This report firstly provides an overview of the Water Quality (WQ) Management Framework from the national to the catchment level. It also details the components of that framework, mainly the conceptual modelling and community input into the catchment’s beneficial uses/environmental values.

The report then provides the WQ Monitoring Framework and its detailed steps, as well as reporting on the key components of that Framework that were progressed by this project. These are mainly legislative responsibilities, current and past water quality monitoring, and conceptual models and their associated information on key water quality issues and indicators to be monitored.

Finally, the report provides recommendations on future directions for developing, implementing and utilising water quality monitoring programs in the catchment. These include the next steps as well as the ongoing adaptive management process.

Key considerations and recommendations include:

- The Monitoring Framework addresses water quality monitoring, which is one component of river health monitoring. Nevertheless, the components of this Framework can also be applied to river health monitoring in general and specifically the national Framework for the Assessment of River and Wetland Health, currently being trialled in the Katherine and Daly River catchment.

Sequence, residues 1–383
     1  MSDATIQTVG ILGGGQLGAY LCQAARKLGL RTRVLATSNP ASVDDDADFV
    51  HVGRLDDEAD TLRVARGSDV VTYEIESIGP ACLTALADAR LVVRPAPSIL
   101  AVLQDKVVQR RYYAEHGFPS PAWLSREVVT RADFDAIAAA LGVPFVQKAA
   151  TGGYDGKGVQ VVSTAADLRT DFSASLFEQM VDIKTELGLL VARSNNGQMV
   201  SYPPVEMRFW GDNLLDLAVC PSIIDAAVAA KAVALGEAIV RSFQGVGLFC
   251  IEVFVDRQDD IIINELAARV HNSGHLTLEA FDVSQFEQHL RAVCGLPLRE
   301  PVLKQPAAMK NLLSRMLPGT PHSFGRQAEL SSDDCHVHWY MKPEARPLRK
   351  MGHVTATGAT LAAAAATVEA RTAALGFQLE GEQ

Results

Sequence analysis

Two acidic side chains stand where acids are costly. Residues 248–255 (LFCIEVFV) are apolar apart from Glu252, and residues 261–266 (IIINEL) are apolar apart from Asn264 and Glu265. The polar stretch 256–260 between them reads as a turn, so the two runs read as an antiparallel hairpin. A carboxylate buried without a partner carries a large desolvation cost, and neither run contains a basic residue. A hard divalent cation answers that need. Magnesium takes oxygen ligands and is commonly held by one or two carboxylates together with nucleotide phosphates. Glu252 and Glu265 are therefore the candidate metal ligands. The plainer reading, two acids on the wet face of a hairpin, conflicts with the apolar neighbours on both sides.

- The values the community and stakeholders place on water quality in the catchment underpin the Management and Monitoring Frameworks. These are referred to as Beneficial Uses (also known as environmental values) and were identified through consultation with the community and stakeholders. Future water quality monitoring programs should manage both the surface  water and groundwater resources to protect these Beneficial Uses, notably Aquatic Ecosystem  Protection and Raw Drinking Water.

- The Management Framework is an adaptive management cycle which, in its simplest form comprises (1) management actions including monitoring, (2) reporting, (3) decision making based on reporting, and (4) a further management response, followed by continued monitoring.

- Monitoring is based on the “Pressure-Stressor-Impact on Beneficial Use” model for environmental monitoring. The Pressures (or potential threats) are the “causes” of water quality degradation. The Stressors refer to the water quality indicators that are changed by the pressures, for example dissolved oxygen. The water quality change then impacts on the Beneficial Uses.

- Prior to the establishment of a management plan, and associated monitoring program, a conceptual model of how the aquatic environment responds to pressures/threats should be articulated. This will assist in targeting management and monitoring efforts and selecting appropriate indicators. Conceptual models for the main pressures/threats in the catchment are contained within this report. As the understanding of the environment increases, the models should be reviewed and updated. This is a component of the adaptive management cycle.

- There are several pressures/threats that may impact water quality and Beneficial Uses in the Katherine and Daly Catchment. The most significant are large scale land use change (the clearing of native vegetation and its replacement by